Natural Planet Organics (Dry)

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Rating: ★★★★☆

Natural Planet Organics Dog Food receives the Advisor’s second-highest tier rating of 4 stars.

The Natural Planet Organics product line includes one dry dog food, claimed to meet AAFCO nutrient profiles for all life stages.

Natural Planet Organics Chicken Formula

Dry Dog Food

Estimated Dry Matter Nutrient Content

Protein = 26% | Fat = 16% | Carbs = 51%

Ingredients: Organic chicken, chicken meal, organic oats, organic brown rice, organic barley, natural turkey and chicken flavor, organic flaxseed, chicken fat (preserved with mixed tocopherols), calcium carbonate, organic sunflower oil, potassium chloride, tomato pomace, dried brewers yeast, salt, minerals (zinc proteinate, iron proteinate, copper proteinate, cobalt proteinate, manganese proteinate, selenium yeast), blueberries, choline chloride, organic peas, organic alfalfa, organic sunflower seeds, organic pumpkin seeds, organic carrots, broccoli, vitamins (vitamin A acetate, vitamin D3 supplement, vitamin E supplement, niacin, d-calcium pantothenate, thiamine mononitrate, pyridoxine hydrochloride, riboflavin supplement, folic acid, biotin, vitamin B12 supplement), chicory extract, lecithin, taurine, sage, ascorbic acid (source of vitamin C), Yucca schidigera extract, garlic, calcium iodate, rosemary extract, yeast culture (Saccharomyces cerevisiae), dried Enterococcus faecium fermentation product, dried Lactobacillus acidophilus fermentation product, dried Aspergillus niger fermentation extract, dried Trichoderma longibrachiatum fermentation extract, dried Bacillus subtilis fermentation extract, dried Aspergillus oryzae fermentation extract

Fiber (estimated dry matter content) = 4.4%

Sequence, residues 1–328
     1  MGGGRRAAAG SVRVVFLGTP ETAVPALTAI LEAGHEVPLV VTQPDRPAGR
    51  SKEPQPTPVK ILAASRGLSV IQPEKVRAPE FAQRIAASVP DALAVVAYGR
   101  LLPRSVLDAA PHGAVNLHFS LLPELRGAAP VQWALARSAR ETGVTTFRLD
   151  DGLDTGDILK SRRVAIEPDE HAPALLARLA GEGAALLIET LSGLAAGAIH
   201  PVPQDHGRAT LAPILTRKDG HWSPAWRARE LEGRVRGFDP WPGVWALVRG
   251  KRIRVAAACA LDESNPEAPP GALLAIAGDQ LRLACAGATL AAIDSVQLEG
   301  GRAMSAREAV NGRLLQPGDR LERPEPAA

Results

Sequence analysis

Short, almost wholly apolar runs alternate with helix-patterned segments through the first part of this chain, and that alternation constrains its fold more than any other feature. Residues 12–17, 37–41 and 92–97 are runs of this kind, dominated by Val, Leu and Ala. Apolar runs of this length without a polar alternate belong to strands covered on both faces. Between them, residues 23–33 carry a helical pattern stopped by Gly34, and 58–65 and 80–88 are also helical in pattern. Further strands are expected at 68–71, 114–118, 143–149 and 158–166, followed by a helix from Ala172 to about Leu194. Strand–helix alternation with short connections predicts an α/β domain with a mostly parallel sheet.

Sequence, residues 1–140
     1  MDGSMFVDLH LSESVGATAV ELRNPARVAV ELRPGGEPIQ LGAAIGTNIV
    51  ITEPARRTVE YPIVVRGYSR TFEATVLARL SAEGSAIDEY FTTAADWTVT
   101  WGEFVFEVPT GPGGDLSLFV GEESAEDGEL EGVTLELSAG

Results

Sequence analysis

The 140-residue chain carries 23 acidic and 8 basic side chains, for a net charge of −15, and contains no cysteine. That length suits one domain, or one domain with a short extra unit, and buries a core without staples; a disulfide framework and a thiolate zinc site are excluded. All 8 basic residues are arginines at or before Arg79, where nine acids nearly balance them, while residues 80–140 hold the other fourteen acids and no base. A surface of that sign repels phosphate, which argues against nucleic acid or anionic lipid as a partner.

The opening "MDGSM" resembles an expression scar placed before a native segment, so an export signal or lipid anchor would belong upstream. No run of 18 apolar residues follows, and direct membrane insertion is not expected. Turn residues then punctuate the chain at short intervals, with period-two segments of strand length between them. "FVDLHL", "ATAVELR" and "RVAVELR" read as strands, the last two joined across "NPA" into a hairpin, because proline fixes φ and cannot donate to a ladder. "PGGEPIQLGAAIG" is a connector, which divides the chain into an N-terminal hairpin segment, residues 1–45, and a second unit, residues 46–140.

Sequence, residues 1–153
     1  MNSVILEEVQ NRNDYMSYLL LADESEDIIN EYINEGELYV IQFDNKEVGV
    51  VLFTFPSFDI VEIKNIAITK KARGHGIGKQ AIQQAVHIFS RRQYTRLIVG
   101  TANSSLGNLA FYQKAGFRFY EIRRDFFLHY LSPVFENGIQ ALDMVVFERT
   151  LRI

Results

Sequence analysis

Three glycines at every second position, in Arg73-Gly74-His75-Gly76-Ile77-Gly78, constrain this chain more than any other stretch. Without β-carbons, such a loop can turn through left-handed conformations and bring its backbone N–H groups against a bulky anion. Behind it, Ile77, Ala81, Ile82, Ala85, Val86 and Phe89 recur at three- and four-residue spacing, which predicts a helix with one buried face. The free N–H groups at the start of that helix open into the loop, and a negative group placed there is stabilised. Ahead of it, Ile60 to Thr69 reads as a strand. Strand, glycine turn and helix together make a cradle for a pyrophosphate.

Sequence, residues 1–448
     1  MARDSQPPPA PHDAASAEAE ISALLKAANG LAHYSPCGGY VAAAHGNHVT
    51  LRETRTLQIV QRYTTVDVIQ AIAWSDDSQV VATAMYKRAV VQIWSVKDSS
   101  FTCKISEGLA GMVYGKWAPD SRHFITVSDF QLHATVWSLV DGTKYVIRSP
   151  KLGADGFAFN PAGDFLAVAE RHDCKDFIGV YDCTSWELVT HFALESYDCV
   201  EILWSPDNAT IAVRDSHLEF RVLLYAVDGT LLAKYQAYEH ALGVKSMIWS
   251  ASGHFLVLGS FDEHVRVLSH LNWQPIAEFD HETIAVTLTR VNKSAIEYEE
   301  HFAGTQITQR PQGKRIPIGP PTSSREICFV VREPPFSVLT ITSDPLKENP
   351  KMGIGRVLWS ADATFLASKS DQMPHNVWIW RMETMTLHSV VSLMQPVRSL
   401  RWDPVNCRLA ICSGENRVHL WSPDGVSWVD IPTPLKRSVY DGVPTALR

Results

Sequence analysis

Red items when present indicate controversial ingredients

Estimated Nutrient Content
MethodProteinFatCarbs
Guaranteed Analysis23%14%NA
Dry Matter Basis26%16%51%
Calorie Weighted Basis22%33%45%

The first ingredient in this dog food is organic chicken. Although it is a quality item, raw chicken contains about 80% water. After cooking, most of that moisture is lost, reducing the meat content to just a fraction of its original weight.

After processing, this item would probably account for a smaller part of the total content of the finished product.

The second ingredient is chicken meal. Chicken meal is considered a meat concentrate and contains nearly 300% more protein than fresh chicken.

The third ingredient is organic oats. Oats are rich in B-vitamins, minerals and dietary fiber.

The fourth item is organic brown rice, a complex carbohydrate that (once cooked) can be fairly easy to digest. However, aside from its natural energy content, rice is of only modest nutritional value to a dog.

The fifth ingredient includes organic barley. Barley is a starchy carbohydrate supplying fiber and other healthy nutrients. However, aside from its energy content, this cereal grain is of only modest nutritional value to a dog.

After the turkey and chicken flavor, we find organic flaxseed, one of the best plant sources of healthy omega-3 fatty acids. Provided they’ve first been ground into a meal, flax seeds are also rich in soluble fiber.

However, flaxseed contains about 19% protein, a factor that must be considered when judging the actual meat content of this dog food.

The eighth ingredient is chicken fat. Chicken fat is obtained from rendering chicken, a process similar to making soup in which the fat itself is skimmed from the surface of the liquid.

Chicken fat is high in linoleic acid, an omega-6 fatty acid essential for life. Although it doesn’t sound very appetizing, chicken fat is actually a quality ingredient.

From here, the list goes on to include a number of other items.